“Even if it means protecting your VP from real media scrutiny and vetting.”
#44, let’s try again… I repeat from above,
“…even Palin’s uterus was under scrutiny, and demands of a DNA sample were made.”
“There is nothing… indicating fear or a hiding out on Palin’s part. You are projecting – again. Try to remember that everyone does not react to pressure like a Democrat would”.Dana (084de8) — 9/5/2008 @ 10:26 pm
The Nielsen ratings have 2 methods of determining viewers that I’m familiar with:
1. Detailed viewing journals kept by volunteer households for 7-14-21 day periods.
2. Direct connections that automatically record household viewing.
It may also use telephone surveys but, if so, I’ve never done one.
The second method is the most reliable method. It would show that someone only watched a program for 5 minutes and I doubt that would count as someone “watching” the Convention.
I’ve participated in the first method three times in the last 20 years. Nielsen uses an elaborate journal that should make it easy to weed out people who try to game the system, although it could be done. If anything, people would be more likely to omit mentioning they watched a program for 5 minutes, as opposed to going to the trouble of writing it down in the detail required by the journal.DRJ (7568a2) — 9/5/2008 @ 10:37 pm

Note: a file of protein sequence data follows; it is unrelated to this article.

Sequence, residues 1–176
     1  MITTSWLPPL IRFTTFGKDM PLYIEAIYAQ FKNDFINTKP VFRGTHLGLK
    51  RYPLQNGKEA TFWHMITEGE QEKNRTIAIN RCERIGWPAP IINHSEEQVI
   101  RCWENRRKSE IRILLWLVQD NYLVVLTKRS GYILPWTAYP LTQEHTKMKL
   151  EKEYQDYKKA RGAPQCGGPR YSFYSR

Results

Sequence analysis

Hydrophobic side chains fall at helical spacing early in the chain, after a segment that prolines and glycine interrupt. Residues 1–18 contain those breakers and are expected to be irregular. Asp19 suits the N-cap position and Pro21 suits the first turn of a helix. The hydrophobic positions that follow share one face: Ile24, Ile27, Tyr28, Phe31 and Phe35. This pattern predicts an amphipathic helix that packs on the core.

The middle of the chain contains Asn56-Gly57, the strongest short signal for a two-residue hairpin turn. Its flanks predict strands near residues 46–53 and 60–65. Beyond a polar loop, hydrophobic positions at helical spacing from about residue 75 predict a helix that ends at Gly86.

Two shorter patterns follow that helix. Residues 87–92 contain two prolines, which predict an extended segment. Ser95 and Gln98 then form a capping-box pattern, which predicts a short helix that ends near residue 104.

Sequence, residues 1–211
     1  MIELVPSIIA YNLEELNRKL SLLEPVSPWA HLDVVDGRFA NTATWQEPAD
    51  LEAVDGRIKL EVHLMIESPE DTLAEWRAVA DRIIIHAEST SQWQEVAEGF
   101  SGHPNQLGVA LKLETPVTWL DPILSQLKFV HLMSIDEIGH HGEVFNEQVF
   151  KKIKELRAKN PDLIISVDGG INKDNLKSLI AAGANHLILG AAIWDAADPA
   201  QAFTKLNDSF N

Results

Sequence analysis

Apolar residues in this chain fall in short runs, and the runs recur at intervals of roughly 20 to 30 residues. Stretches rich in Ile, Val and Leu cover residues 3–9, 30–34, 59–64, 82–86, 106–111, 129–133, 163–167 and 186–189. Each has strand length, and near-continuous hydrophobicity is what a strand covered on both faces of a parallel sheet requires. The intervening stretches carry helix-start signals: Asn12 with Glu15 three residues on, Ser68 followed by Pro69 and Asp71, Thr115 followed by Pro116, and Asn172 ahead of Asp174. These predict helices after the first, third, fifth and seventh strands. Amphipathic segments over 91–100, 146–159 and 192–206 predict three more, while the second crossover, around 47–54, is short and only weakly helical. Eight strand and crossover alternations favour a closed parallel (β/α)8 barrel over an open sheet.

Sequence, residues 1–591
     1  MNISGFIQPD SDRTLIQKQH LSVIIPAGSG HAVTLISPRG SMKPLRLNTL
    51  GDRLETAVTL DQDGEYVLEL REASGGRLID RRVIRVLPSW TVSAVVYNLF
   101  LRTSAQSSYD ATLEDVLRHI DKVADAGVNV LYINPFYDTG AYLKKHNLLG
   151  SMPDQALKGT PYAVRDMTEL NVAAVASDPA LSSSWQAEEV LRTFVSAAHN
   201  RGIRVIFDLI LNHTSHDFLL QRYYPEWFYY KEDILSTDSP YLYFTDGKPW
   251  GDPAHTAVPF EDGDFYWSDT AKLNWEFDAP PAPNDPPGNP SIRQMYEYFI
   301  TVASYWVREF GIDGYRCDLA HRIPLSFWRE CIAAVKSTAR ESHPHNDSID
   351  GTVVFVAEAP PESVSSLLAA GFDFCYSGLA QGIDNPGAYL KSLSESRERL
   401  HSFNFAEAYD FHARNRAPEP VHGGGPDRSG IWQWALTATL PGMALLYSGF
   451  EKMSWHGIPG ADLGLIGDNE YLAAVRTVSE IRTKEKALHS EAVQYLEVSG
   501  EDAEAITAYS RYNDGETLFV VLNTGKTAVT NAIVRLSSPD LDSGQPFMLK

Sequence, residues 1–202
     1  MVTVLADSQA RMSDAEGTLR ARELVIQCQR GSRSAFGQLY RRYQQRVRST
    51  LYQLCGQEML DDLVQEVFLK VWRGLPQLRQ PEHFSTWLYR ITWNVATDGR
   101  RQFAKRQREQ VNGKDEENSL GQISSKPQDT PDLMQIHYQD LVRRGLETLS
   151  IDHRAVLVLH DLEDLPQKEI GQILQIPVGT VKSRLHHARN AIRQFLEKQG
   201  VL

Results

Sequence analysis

#45 – Even in combat we have rules of engagement and humanitrian rules we call the Geniva convention.
Which give you the right to shoot on site any enemy you encounter not wearing a uniform and/or not part of an organized military structure.
You should know that, as it renders your argument moot. Also, you are purposefully mischaracterizing her words. Palin was referring to the attitudes of many on the left regarding treating a wartime situation as a police action. It was not pro-torture. You’ll have a hard time talking about a McCain campaign that’s pro-torture.
That may explain why no one has commented on this ‘scary’ thing.Apogee (366e8b) — 9/5/2008 @ 10:43 pm
Honestly, if you believe that the media is hostile to Palin, so hostile that they will never give her a fair hearing, would you be comfortable voting for her or anyone else who hasn’t gone through the media wringer?
I don’t believe there is a general liberal media bias like I suppose many of you do (although I do believe in a specific bias for certain outlets, like MSNBC v. Fox). But even if there were, the American people seem to be able to work through it.